Saturday 21 December 2013

Morrisons Vintage Cider 2012

Now I move on to the second cider from Morrisons – see, I am trying to equalise my supermarket ciders, although I am not sure that many of them have received any kind of apple from me. This either says something about the big store attitudes to what they think cider ought to taste like or (more concerning) it is the attitude of the producers who make the stuff feel that supermarket cider ought to taste like. Hmm, there is a thought there – I guess if I were making cider for the supermarkets AND my own bottles were going to sit alongside them I would make sure that my cider came out as being better. Actually, no, I wouldn’t. Not that I would ever get the chance to do this, I would make sure that I not only made first rate cider for all but would make sure my name was on the bottle.

That being said, I am not going to prejudge this cider. After all, the ‘own brand’ ciders that tend to do best are the Vintage versions, so I am expecting this cider to be pretty good. It had better be – the only other Morrisons cider I have is their standard medium dry… which looks like it was made by either Magners or Bulmers!!

It is moderately sparkling – almost identically so to the last Morrisons cider. It looks quite light gold too, although the smell is much more bittersweet than before. There is still some juice up the nose though. Thinking some more, it is very similar in its composure (in a smelling kind of way). Guess I ought to try it then.

This is less watery than the organic. It is also drier too – a medium dry which has been gently back sweetened with juice. The tannins are quite pleasant, although I do wish they wouldn’t feel that it was so important to adjust the acidity to balance things out – it detracts from the experience of the fruit. Speaking of fruit, I am getting some… which again is more than the organic too. As a bit of a distraction, there is a fairly strong taste of So2 (sulphite) which does affect the tannic taste somewhat.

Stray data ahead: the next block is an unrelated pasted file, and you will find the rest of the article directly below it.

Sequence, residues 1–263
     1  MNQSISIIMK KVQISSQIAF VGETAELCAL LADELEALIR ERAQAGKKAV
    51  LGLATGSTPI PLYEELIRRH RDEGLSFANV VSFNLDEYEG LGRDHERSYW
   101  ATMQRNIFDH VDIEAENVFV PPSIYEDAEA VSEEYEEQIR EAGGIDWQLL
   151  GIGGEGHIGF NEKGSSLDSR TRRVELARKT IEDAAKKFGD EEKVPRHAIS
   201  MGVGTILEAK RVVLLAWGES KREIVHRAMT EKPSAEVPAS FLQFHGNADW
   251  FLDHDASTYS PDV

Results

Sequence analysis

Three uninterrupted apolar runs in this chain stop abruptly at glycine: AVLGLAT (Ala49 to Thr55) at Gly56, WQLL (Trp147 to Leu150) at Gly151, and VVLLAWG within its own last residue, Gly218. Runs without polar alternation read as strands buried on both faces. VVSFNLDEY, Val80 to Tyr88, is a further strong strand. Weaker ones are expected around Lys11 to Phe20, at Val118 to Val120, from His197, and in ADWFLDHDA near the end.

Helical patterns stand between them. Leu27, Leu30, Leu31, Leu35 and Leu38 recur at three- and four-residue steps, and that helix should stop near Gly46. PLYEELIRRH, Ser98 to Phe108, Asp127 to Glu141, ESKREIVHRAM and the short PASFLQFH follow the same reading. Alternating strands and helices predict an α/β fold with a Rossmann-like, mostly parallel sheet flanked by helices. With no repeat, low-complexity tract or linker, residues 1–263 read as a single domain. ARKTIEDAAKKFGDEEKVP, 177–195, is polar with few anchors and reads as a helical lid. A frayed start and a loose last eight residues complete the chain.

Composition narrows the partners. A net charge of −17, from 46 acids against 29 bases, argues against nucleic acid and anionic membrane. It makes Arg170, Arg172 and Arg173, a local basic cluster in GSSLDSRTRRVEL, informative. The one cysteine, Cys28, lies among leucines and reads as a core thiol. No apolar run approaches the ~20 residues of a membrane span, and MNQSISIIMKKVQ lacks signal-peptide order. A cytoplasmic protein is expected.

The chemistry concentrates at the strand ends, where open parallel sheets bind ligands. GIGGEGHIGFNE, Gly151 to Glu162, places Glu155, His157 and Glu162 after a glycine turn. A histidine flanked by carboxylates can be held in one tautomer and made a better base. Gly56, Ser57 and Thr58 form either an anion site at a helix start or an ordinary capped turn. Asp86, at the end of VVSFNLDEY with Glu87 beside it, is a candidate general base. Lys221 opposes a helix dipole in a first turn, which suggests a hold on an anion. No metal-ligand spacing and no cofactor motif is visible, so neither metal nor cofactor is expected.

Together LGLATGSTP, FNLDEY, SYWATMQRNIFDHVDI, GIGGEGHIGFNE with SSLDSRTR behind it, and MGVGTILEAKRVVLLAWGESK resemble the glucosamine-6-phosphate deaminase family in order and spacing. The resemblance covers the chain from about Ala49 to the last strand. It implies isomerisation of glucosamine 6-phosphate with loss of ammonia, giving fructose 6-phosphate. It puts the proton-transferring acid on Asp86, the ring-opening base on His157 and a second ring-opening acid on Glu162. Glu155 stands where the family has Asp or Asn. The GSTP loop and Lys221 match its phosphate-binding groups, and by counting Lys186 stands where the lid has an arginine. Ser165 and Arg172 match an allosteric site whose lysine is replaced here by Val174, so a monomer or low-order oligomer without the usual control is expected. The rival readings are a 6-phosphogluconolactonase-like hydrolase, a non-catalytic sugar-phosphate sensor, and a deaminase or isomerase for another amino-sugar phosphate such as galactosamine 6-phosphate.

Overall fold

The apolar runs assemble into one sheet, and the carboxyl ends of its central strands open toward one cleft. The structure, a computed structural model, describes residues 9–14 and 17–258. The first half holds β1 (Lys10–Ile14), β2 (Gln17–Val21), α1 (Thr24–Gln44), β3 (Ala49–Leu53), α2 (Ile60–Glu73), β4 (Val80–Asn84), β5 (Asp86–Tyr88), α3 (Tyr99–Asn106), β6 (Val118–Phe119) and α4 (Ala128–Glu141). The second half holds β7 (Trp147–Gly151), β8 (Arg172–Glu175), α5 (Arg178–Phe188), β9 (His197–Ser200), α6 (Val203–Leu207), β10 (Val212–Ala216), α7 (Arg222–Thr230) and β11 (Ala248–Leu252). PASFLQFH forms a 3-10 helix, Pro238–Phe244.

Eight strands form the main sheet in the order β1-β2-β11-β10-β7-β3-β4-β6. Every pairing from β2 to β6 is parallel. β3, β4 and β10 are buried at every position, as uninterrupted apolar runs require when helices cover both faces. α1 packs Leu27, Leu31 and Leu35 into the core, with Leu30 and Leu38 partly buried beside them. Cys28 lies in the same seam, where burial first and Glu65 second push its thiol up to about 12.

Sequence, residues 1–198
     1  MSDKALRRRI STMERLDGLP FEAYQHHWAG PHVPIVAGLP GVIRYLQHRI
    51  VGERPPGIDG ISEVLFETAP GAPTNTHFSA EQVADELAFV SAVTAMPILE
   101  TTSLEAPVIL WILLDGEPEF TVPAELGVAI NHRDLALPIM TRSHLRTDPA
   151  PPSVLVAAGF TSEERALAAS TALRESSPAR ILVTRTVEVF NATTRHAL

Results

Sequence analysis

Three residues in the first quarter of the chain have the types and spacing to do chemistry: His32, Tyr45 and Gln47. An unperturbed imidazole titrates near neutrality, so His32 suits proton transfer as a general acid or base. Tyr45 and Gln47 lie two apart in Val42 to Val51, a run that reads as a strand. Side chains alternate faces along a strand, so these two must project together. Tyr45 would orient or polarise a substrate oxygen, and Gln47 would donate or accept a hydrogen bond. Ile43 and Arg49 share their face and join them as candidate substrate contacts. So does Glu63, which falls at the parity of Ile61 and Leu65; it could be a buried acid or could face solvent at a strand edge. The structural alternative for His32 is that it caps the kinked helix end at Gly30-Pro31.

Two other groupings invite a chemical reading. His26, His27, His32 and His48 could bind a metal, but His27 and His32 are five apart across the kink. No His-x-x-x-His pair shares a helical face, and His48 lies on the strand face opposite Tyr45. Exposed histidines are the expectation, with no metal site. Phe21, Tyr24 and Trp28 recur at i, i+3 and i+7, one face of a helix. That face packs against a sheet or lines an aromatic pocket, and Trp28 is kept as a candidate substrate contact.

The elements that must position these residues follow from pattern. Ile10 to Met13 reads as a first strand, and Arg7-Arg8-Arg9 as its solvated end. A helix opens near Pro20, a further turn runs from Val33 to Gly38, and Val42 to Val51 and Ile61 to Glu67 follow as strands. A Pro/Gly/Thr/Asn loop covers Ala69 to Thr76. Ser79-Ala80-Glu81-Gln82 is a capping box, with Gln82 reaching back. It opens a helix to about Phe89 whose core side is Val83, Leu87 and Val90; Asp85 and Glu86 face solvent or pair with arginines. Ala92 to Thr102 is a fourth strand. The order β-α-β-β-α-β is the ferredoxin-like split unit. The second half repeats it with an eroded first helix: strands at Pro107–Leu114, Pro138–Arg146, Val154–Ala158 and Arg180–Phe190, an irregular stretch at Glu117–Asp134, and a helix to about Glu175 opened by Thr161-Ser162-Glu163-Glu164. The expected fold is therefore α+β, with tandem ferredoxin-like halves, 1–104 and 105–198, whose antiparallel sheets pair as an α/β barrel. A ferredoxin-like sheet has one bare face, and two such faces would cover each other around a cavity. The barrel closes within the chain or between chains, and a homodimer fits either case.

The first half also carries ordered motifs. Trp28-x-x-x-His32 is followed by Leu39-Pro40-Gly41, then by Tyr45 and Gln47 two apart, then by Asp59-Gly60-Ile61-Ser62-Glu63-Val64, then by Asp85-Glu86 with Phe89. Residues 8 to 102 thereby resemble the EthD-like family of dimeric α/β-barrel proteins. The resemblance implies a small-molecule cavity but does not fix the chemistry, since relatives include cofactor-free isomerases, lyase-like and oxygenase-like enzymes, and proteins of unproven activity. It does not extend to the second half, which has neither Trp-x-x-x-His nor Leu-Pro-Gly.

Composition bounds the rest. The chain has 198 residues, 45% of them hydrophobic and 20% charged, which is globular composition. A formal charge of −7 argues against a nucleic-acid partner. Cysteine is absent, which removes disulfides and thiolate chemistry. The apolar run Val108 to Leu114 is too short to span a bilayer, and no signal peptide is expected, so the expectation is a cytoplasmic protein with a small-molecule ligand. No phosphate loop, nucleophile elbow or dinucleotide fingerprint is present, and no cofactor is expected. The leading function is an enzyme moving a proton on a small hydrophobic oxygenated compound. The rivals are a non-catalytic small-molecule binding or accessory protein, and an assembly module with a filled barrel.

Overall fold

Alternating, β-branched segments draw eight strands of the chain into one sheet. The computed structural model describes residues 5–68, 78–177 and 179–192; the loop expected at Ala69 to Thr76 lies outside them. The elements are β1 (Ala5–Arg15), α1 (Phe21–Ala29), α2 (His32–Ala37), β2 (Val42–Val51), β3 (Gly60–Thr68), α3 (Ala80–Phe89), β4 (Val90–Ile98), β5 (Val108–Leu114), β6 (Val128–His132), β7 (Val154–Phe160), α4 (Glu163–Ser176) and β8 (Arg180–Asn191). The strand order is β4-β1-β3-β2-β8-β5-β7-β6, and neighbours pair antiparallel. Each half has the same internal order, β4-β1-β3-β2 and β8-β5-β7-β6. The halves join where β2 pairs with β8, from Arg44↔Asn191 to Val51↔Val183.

A moderate length aftertaste is also nice, and ends in a tannic coating of the tongue.

A score of 70/100 - true to form, it is the Vintage ciders that proove to be the best tasting ciders made by/for/whatever supermarkets.

I think I may be now qualified to advise cider fans that, if you must buy supermarket own brand ciders, then the ones that you ought to go for are those that are vintage. Of course, this isn’t straight forward – Morrisons have two that they call ‘Vintage’ – the organic has a vintage tag… but this merely means that it was made from a single years apples. Look for the cider called Vintage.

If I ever crack supermarkets for my own cider, it will be on the basis that it is very different from most of their line up. I can see that there are a few ‘smaller’ producers doing it… although the very nature of the beast is that many are producing something more ubiquitous to sell than they would if you visited them directly…

No comments:

Post a Comment